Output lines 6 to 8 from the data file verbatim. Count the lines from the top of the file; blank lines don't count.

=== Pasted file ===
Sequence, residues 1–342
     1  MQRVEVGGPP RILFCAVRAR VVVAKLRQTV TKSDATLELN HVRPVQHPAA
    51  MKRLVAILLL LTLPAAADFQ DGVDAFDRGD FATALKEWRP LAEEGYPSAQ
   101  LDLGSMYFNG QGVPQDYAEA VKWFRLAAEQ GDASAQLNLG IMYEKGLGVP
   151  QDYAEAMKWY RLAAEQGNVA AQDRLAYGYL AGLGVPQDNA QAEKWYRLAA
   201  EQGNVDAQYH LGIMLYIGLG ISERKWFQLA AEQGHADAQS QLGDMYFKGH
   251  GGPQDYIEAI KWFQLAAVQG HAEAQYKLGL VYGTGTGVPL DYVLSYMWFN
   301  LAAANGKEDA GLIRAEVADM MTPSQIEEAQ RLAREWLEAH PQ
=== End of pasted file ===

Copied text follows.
   201  EQGNVDAQYH LGIMLYIGLG ISERKWFQLA AEQGHADAQS QLGDMYFKGH
   251  GGPQDYIEAI KWFQLAAVQG HAEAQYKLGL VYGTGTGVPL DYVLSYMWFN
   301  LAAANGKEDA GLIRAEVADM MTPSQIEEAQ RLAREWLEAH PQ